Hello from a long time listener, first-time poster!
I am currently managing in a culture where most employees start in a technical capacity. Once they reach full performance, they are expected to either achieve a high level of technical expertise/specialization, or move into policy, leadership, and management positions.
One of my directs is at the point in his career where he does not yet have to take a formal leadership/technical expert role to be promoted, but does need to demonstrate the qualities needed for one path or the other. He has admitted that he does not have the technical chops to become a technical expert, but has also pushed back on some of the behaviors (increasing polish in communications, developing the art of corporate subordination) needed for advancement on the leadership path.
When I spoke with my predecessor, from whom I inherited the direct, he admitted that the direct has some professionalism issues. At the same time, however, the previous manager admitted that he hadn't addressed the issues because he got too familiar with the team he was leading and engaged in some unprofessional behaviors himself, becoming more of the "us" of the team and less of the "them" of management. My predecessor also consistently dimed out our bosses (two levels up from the direct in question) for difficult decisions rather than owning them as a leader should. My predecessor also created the expectation for the direct that he was ready for promotion, but that organizational politics were preventing him from getting promoted.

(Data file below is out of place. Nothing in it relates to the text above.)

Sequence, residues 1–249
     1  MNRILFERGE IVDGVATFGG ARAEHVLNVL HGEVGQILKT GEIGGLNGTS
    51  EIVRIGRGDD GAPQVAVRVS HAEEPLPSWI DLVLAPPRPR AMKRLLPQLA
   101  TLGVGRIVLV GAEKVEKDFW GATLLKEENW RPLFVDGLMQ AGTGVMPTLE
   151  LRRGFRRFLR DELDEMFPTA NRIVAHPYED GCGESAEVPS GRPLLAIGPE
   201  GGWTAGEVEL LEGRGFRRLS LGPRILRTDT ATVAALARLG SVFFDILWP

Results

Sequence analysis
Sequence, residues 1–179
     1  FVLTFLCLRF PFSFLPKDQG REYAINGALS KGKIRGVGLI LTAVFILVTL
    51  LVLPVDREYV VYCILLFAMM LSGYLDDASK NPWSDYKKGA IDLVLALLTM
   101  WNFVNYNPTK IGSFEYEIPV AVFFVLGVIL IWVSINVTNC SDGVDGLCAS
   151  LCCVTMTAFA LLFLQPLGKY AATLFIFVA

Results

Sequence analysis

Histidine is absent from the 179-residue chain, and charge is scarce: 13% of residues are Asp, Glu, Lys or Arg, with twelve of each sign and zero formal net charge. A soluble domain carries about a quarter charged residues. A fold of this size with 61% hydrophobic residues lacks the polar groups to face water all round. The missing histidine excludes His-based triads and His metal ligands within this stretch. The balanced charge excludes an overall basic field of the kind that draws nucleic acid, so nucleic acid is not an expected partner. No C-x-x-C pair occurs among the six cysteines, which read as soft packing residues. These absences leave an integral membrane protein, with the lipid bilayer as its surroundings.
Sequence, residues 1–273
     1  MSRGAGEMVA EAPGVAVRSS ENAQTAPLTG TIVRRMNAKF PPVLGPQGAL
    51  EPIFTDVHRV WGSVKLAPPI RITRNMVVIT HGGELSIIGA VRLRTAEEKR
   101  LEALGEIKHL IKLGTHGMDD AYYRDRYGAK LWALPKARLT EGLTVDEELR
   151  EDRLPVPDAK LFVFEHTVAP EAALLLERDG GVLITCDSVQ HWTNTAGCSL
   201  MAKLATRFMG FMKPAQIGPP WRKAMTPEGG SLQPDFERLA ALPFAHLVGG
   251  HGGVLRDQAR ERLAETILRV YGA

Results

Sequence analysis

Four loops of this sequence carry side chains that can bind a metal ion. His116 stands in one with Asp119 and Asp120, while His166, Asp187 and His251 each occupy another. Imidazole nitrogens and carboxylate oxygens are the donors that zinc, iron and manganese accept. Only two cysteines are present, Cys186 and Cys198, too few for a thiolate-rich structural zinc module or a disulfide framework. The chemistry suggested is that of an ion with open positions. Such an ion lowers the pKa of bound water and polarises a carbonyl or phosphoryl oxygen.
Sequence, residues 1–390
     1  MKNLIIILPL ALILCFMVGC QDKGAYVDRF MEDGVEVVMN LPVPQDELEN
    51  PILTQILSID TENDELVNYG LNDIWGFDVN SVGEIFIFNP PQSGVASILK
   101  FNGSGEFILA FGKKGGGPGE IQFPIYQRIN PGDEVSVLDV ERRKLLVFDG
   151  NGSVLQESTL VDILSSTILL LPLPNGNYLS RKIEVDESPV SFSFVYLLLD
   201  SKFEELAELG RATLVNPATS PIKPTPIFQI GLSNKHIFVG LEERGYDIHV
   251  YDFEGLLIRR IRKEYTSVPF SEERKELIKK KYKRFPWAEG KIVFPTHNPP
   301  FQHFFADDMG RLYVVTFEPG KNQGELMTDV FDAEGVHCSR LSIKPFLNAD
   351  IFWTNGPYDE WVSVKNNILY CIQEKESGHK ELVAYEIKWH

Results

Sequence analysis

I'm trying to work with the direct to help him understand the importance of professionalism. I have provided feedback on specific behaviors and those do change. When address the bigger picture from a career perspective during O3s, however, he regresses into making excuses, hiding behind a colorful personality and offbeat sense of humor to justify his behaviors. I've seen him demonstrate great, professional behaviors when he tries, but he thinks he only needs to demonstrate them to senior audiences or in formal settings. He uses performance evaluations from my predecessor, as well as my predecessor's claims about his promotability, to justify his claim. How can I effectively encourage my direct to turn his "professionalism switch" on more consistently?